THUNDER IS WELCOME ANYTIME

4/10/15 Some excepts from my Bard Senior Thesis









Song #1 
for SINGER (Raina Sokolov-Gonzales) and CONCERTINA PLAYER​ (Tamzin) 
Listen 

​                                                        Ah, Breidzalaya...

                                                        In the shadow of the mountain
                                                        Could it be me resting?
                                                        Imagine me across the leaves -
                                                        Heavy head, arms floating

                                                        All to the sight of sun on the ridge,
                                                        Over and far as birds on a wire - 
                                                        How soft it dies

                                                        Wind in the sun is the breathing of wings,
                                                        But wind in the night is only wind, 
                                                        And in this moment of alchemy
                                                        I cannot see what is life and what is leaf,
                                                        The winning card rests easy.


Dreams 
Listen 
​To be performed with six uniform unison voices, all female, sitting around a table reading text out of a book. They speak it as if they had read this passage many times to themselves and felt that, in order to absorb it better, they should read it aloud to no one in particular.

Growth 
for SINGER (Raina Sokolov-Gonzales) and CELLO ( Sarah Ghandour)
{Cello music from "Kimbie" by Jackson C. Frank}    
 Listen

​                                        Growth and I play the blues, 
                                        Sit here well-side - touching knees, thinking goodbyes.
                                        And I wander my eyes down the simple water, down the wall,
                                        Wandering straight
                                        Like skimming a front page,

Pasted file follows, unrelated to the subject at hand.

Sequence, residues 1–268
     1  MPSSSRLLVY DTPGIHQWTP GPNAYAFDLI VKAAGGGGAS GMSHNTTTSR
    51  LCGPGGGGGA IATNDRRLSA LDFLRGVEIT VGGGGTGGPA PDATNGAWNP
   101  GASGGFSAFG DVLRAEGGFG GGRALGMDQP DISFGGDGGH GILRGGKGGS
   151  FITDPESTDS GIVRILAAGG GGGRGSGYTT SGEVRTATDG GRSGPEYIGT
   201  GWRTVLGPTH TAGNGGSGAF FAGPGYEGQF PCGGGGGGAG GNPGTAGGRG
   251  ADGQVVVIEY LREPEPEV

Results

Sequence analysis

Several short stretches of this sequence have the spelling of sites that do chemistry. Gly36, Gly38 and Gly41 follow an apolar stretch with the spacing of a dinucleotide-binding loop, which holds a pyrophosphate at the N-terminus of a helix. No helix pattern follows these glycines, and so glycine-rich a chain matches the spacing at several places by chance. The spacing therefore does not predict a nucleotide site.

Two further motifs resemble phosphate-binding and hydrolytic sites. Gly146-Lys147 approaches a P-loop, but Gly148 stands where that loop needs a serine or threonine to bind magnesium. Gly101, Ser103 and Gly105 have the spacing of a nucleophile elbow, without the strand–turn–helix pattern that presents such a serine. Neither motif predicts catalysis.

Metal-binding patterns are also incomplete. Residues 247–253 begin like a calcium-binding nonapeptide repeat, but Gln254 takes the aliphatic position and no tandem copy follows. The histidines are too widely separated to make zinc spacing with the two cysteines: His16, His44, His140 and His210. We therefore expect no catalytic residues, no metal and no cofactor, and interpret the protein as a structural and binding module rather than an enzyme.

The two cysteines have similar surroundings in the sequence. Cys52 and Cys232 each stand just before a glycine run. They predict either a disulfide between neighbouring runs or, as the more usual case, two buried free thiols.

And all the chatter,
                                                        Stones and seams.
                                        Draw up deaf in the air of the song we sing - 
                                        We, play the blues
                                        And the summer will green.


8 | 27 | 14

This year at Bard I will be facing the beast that is my Poetry Senior Project, and frankly right now, starring down the barrel, I'm convinced that I will be happy if I can come up with something remotely as good as this gem....or this bit of tom foolery.



















1 | 15 | 14

At Bard I am an avid member of the Georgian Choir on campus and have been unspeakably inspired by my weekly rehearsals. Saved my life. I'm on a track rediscovering the importance of making music in whatever way I can. I do not know these people in this video, but I like they're style so much.


















8 | 29 | 12

A response to the song (and subsequent fixation on) “Kalimankou Denkou” as recorded by the Bulgarian State Television Female Choir on their album Le Mystere Des Voix Bulgares

A pearl of heritage – cultural artifact, this song Kalimankou Denkou. My instinct is to study, yet I fear its mystery is that of a Bower Bird’s nest, the symmetry of a spider web, those markings around the eye. Utterly impenetrable. 

In some uncharted year a grain of necessity – committing some important words to memory, driving off the boredom of murderous winter – was turned over and over in the maws of a region. It weathered the tides of peoples across its valleys, marring and refining its clay face in the ground, until discovered behind the clenched teeth of a woman praying. From that point forward it was committed to culture: a cross section photographed and consumed by some distant species – a flailing and bright piece of the human autonomic 

plucked out of time. 

Having been herded onto my stage it now rears its many heads: flaying the skin of my face, hooking my cheekbones down to a bow. This pearl forces on me the echo of generations, spiraling down from its iridescent surface. This art is not ingenuity, but stark natural selection. 

It firms my faith, my awe of the natural universe.